This clearly shows how much they have lost hope in their economy as their quest for a change in leadership becomes paramount. This was also the case with Thailand, as people engaged in battles to resist the political leadership, their energy was channeled to such battles and hence not considering other economic activities that are vital for growth. People cared less about tourism as they looked at foreigners as people that may come in support of their opponents (Rocha, 2008). It is usually hard for foreigners to be accepted and appreciated into land on good grounds as some may be viewed as observers that are aimed at interfering with their quest for change.

Its effect on other nations

The most affected nation in the turmoil was the United States being its major trading partner. Other countries in Asia were also affected like china. Thailand was a major economic partner in South East Asia and hence affecting its import and export activities (Mansfeld, 2006). Any change in leadership usually means newer economic policies, depending on the leader that takes up the seat, various nations may be affected.

Political leaders will always choose the countries that they want to partner with and hence putting dilemmas on the nations that had earlier signed such treaties. If a leader that comes to power is also disliked by other international leaders, it may also affect their trading activities in case they do not obtain favor from them. As the country engaged in the battles, they became blind to how their activities affect their economic situation as most of them concentrated on their demands (Columbus, 2002). Even though there was a lot of optimism following the 2007 elections, it will take quite some time before the nation regains its political strength.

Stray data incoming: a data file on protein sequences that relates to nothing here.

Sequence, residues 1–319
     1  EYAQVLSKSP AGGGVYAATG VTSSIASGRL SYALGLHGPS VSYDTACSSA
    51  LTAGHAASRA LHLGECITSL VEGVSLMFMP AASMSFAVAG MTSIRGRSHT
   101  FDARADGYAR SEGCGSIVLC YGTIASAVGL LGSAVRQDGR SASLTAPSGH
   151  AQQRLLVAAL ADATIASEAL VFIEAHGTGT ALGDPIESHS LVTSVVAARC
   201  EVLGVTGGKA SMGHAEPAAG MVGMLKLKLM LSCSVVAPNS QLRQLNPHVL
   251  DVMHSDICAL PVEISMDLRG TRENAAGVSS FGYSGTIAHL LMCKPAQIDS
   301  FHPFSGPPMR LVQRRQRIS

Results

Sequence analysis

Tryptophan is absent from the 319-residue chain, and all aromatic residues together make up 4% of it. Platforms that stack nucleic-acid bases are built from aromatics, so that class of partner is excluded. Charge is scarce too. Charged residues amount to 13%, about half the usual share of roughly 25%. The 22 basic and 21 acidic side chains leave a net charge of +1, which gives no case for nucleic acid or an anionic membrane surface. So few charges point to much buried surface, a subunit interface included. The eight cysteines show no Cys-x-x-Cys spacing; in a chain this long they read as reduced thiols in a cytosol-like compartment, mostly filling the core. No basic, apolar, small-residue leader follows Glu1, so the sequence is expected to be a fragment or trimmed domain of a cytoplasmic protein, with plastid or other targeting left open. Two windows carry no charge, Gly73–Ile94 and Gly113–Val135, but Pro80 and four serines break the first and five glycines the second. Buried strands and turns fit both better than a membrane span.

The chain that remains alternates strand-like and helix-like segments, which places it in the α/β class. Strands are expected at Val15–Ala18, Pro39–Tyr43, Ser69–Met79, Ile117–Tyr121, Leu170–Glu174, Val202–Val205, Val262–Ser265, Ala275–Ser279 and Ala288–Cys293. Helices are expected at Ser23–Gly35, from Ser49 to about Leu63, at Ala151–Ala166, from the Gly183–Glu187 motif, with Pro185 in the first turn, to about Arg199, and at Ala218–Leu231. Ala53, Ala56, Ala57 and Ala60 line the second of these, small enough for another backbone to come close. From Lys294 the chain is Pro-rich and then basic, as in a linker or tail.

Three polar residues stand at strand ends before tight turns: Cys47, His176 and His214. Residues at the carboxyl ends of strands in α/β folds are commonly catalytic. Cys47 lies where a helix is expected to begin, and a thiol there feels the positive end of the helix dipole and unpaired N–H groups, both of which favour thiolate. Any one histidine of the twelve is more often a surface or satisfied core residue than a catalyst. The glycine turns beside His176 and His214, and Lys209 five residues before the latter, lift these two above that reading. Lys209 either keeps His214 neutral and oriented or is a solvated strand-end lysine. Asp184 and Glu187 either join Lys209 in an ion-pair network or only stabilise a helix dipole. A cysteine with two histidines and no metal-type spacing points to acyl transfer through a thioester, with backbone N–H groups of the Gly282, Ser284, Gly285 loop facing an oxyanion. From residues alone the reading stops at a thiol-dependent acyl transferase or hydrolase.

Three years of political instability in Thailand resulted in an economic crisis that will not only take time but also vibrant leaders to bring a recovery (Henderson, 2007). As the country stabilizes, they need to go back to the drawing board to come up with strategies that will minimize such future occurrences. The paper has taken a critical look at the political situation of the country and how it has affected the economic activities of the country (Hitchcock, 2009).

The main focus was on the tourist industry as we looked at the security dilemmas that were faced by tourists as they backed off from visiting the country. It has been realized that political instability has diverse effects on the economic progress of the country which may take a lot of time to recover (Eveland, 2001). Such instability will not only harm the country but also the other trading partners that rely on it. It will take dedicated and vibrant leaders to bring faster stability to the country’s economy.

Reference list

Blainey, G., (2006). Short history of the twentieth century. California: I.R. Dee.

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Brown, F., (1998). Tourism reassessed: blight or blessing? California: Butterworth-Heinemann.

Columbus, F., (2002). Asian economic and political issues. California: Nova Science Publishers.

Dayley, R., (2009). Southeast Asia in the New International Era. Michigan: Westview Press.

Eveland, J., (2001). Frommer’s Southeast Asia. London: Hungry Minds.

Harris, R., et al, (2002). Sustainable tourism: a global perspective. California: Butterworth-Heinemann.

Henderson, J., (2007). Tourism crises: causes, consequences and management. California: Butterworth-Heinemann.

Hitchcock, M. & Darma, N., (2007). Tourism, development and terrorism in Bali. New York: Ashgate Publishing, Ltd.

Hitchcock, M. (2009). Tourism in Southeast Asia: challenges and new directions. London: NIAS Press.

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Leinbach, T. & Ulack R., (2000). Southeast Asia: diversity and development. California: Prentice Hall.

Mansfeld, Y., (2006). Tourism, security and safety: from theory to practice. California: Butterworth-Heinemann.

Oxford Business Group. (2009). The Report: Thailand. Oxford: Oxford Business Group.

Rocha, G., (2008). Development Economics Research Trends. New York: Nova Publishers,

University of Sussex. (1999) Institute of Development Studies IDS bulletin. California: IDS

Zebioli, R., (2009). Thailand: Economic, Political and Social Issues. London: Nova Science Publishers.